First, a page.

It also calls for compliance with immigration detainers to the fullest extent compatible with the Tenth Amendment and the establishment of financial disincentives for jurisdictions that implement official or unofficial sanctuary policies. Just four days after Biden’s executive order went into effect, Trump’s campaign launched the «Latino Americans for Trump» coalition. During its presentation, it was stated that «Latinos support immigration policies that allow for the orderly and legal entry and formalization of immigrants into the United States and, consequently, disapprove of how millions have been allowed to cross the border illegally.

El senador demócrata por California, Alex Padilla, habla durante una rueda de prensa de organizaciones proinmigrantes celebrada este miércoles, con motivo de los 12 años del programa Acción Diferida para los Llegados en la Infancia (DACA) frente al congreso en Washington (EE. UU.). (Foto: EFE/Lenin Nolly)

They overwhelmingly trust Trump more than Biden in his approach to addressing border security and immigration.» Meanwhile, the American Civil Liberties Union (ACLU) has shared with The Associated Press a memorandum offering potential legal responses to Trump’s immigration policy. Senator Carper, before the United States Senate, said that only a bipartisan solution on immigration would be lasting: «As United States senators, we are elected to serve the American people and could fulfill that responsibility by enacting the legislation before us.

Our three colleagues have demonstrated that working together is possible. Now it is up to the rest of us to do the right thing. Let’s finish the job.

Let’s implement a lasting solution. And let’s do it together.» Last Wednesday, Democratic lawmakers called on Biden to take urgent measures to protect the ‘Dreamers.’ Senator Alex Padilla and Representatives Delia Ramírez, Sylvia García, and Rashida Tlaib participated in a press conference with pro-immigrant organizations in Congress to mark the 12th anniversary of the Deferred Action for Childhood Arrivals (DACA) program, which is being celebrated this week. Over the years, DACA has faced numerous legal challenges and is currently before a federal appeals court that is reviewing its legality.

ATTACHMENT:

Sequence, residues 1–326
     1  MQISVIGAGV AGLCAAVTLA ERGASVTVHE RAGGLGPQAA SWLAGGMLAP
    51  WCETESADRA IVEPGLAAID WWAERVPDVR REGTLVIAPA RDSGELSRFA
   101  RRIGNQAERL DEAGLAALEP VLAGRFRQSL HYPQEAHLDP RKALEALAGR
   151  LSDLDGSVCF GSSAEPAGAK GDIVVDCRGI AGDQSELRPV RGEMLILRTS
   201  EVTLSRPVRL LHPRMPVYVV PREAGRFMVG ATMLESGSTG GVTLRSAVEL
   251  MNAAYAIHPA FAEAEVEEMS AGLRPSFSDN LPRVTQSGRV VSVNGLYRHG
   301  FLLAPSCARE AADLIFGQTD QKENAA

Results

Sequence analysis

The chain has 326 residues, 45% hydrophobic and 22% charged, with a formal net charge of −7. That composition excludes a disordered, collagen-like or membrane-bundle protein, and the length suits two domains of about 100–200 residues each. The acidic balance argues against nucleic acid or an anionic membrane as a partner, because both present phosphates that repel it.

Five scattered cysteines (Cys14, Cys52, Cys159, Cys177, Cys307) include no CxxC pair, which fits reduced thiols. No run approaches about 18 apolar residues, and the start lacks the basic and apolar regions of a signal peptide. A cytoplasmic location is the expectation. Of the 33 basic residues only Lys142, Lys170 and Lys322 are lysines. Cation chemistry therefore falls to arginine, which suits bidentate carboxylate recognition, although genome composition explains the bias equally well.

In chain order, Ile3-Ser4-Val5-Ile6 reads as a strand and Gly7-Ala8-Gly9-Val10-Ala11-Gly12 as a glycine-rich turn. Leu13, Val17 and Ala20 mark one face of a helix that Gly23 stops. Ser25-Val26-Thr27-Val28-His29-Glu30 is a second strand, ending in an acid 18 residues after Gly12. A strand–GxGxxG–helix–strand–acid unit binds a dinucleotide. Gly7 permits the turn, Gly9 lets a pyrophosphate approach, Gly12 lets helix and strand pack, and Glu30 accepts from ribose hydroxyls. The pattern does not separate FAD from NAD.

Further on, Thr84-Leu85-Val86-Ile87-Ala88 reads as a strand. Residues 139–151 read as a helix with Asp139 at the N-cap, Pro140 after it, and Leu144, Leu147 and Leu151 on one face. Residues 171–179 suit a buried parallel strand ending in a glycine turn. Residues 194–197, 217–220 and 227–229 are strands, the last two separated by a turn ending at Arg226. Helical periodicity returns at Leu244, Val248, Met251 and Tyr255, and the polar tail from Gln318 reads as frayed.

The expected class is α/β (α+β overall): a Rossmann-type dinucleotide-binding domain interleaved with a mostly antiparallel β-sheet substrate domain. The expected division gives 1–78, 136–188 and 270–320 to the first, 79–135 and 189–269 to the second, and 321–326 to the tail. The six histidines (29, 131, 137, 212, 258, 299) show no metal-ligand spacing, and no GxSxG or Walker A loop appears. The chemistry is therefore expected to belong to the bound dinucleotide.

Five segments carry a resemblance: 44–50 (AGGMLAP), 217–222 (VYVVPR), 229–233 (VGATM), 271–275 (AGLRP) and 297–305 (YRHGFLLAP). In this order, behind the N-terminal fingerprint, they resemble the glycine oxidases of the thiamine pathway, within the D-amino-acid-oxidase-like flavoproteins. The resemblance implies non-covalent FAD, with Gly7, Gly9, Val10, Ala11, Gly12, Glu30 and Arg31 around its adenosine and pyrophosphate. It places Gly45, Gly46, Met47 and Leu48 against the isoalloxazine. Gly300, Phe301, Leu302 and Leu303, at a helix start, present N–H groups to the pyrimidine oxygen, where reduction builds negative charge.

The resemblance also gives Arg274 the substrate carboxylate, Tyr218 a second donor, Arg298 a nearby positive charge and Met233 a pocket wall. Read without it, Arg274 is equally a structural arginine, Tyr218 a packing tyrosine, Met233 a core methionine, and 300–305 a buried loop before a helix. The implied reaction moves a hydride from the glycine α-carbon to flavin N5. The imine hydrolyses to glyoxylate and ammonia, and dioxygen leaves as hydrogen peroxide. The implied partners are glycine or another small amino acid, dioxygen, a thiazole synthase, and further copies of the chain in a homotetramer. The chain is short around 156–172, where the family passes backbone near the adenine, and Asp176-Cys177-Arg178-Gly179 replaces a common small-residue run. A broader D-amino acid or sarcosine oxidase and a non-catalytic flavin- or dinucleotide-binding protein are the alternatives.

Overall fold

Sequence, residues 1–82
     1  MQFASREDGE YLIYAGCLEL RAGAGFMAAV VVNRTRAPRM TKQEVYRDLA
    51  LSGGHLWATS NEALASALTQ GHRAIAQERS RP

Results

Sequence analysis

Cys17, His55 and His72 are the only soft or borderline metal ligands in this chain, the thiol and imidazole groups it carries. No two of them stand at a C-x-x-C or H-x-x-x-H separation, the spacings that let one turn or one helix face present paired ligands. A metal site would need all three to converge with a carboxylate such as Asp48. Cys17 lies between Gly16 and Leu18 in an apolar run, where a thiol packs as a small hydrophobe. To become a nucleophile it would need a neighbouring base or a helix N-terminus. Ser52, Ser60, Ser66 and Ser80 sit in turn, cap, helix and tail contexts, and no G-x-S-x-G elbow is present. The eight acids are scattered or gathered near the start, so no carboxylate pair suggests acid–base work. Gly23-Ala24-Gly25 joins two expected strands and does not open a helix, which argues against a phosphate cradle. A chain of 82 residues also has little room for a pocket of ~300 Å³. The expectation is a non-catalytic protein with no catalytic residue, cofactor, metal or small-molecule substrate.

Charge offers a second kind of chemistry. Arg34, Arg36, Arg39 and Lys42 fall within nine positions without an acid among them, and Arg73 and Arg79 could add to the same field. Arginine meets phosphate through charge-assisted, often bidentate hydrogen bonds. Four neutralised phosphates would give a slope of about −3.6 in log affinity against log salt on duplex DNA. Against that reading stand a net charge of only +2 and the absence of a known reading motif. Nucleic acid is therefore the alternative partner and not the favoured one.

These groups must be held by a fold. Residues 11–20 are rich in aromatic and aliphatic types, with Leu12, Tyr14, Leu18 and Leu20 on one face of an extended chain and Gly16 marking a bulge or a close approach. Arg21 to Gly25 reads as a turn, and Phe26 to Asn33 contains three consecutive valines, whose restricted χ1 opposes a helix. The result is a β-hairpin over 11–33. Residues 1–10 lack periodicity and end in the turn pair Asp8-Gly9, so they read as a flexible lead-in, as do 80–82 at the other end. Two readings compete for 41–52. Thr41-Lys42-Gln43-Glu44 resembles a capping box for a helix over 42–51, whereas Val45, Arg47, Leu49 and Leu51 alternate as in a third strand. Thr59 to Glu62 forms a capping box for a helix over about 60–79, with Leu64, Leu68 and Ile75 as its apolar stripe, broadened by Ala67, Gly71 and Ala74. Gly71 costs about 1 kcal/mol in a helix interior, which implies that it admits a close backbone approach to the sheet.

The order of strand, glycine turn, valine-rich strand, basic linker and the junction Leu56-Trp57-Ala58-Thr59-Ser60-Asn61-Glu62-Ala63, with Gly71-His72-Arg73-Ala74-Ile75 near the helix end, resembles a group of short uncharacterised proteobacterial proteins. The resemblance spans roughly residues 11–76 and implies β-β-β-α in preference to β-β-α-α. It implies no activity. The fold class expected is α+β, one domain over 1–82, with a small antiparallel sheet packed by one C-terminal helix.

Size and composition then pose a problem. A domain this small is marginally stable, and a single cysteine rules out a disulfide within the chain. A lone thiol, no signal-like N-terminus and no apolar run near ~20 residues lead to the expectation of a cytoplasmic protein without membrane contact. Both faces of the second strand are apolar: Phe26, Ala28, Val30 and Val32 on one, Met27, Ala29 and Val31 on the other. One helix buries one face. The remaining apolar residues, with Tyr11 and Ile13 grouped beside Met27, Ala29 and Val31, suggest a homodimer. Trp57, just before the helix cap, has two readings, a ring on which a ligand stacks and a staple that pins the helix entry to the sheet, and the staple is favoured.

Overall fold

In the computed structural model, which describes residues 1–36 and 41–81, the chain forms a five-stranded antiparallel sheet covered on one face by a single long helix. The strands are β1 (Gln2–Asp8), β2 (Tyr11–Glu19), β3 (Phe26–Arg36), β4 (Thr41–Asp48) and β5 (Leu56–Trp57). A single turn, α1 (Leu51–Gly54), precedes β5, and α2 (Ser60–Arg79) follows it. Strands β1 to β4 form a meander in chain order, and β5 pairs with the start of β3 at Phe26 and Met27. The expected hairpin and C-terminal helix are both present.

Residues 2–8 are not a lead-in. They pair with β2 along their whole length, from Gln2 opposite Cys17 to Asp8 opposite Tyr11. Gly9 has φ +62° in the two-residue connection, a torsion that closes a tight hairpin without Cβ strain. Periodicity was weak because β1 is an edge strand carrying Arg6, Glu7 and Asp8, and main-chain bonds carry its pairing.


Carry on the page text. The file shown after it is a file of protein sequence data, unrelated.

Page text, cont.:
For these lawmakers, who have not been able to pass a law in Congress to permanently protect these ‘Dreamers’ due to opposition from most Republicans, the only solution left is for Biden to adopt an executive measure. Padilla reminded that «12 years ago, life changed for hundreds of thousands of families across the country» thanks to DACA. Finally, García was critical of the decision Biden made last week to limit asylum applications at the border with Mexico. «Instead of wasting valuable time pushing Trump-era policies, our president should be providing relief to ‘Dreamers’ and other immigrants living in our country. In the long term,» she said.

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Virginia Esteban-Somalo
Originaria de España, en la pasada década ha acumulado éxitos en su nuevo hogar en el estado de Delaware. Sus columnas y artículos han sido publicados tanto en medios nacionales como internacionales (entre otros HOY en Delaware, el periódico hispano más grande y antiguo del Primer Estado, del cual es editora). Ha recibido importantes premios de periodismo de la Asociación Nacional de Publicaciones Hispanas (NAHP por sus siglas en inglés) y Asociación de la Prensa de Delaware (DPA por sus siglas en inglés), entre otros, como el “José Martí Gold Award” a la Columna Editorial Destacada por NAHP, y ha sido reconocida por su trayectoria con el premio “Hispanic Community Journalism Excellence Award” en los Delaware Hispanic Awards. Activa en organizaciones comunitarias, se siente especialmente orgullosa de haber impactado en el mundo de las artes en Delaware y alrededores, a través del Festival de la Herencia Hispana (Hispanic Heritage Festival) organizado por HOY en Delaware en Wilmington, DE desde 2017.